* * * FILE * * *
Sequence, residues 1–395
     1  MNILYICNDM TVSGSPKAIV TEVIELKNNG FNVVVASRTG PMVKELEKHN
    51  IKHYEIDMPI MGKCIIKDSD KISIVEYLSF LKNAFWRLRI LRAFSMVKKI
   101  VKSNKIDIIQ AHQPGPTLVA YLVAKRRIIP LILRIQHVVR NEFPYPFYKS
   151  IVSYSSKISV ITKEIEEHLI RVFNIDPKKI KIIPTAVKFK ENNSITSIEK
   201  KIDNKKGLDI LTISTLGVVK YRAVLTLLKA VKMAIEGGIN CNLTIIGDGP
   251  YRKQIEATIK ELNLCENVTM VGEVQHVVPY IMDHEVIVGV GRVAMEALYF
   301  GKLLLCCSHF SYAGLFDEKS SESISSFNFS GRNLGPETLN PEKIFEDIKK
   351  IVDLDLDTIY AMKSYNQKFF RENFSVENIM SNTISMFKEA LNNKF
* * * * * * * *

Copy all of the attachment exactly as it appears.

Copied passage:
Sequence, residues 1–395
     1  MNILYICNDM TVSGSPKAIV TEVIELKNNG FNVVVASRTG PMVKELEKHN
    51  IKHYEIDMPI MGKCIIKDSD KISIVEYLSF LKNAFWRLRI LRAFSMVKKI
   101  VKSNKIDIIQ AHQPGPTLVA YLVAKRRIIP LILRIQHVVR NEFPYPFYKS
   151  IVSYSSKISV ITKEIEEHLI RVFNIDPKKI KIIPTAVKFK ENNSITSIEK
   201  KIDNKKGLDI LTISTLGVVK YRAVLTLLKA VKMAIEGGIN CNLTIIGDGP
   251  YRKQIEATIK ELNLCENVTM VGEVQHVVPY IMDHEVIVGV GRVAMEALYF
   301  GKLLLCCSHF SYAGLFDEKS SESISSFNFS GRNLGPETLN PEKIFEDIKK
   351  IVDLDLDTIY AMKSYNQKFF RENFSVENIM SNTISMFKEA LNNKF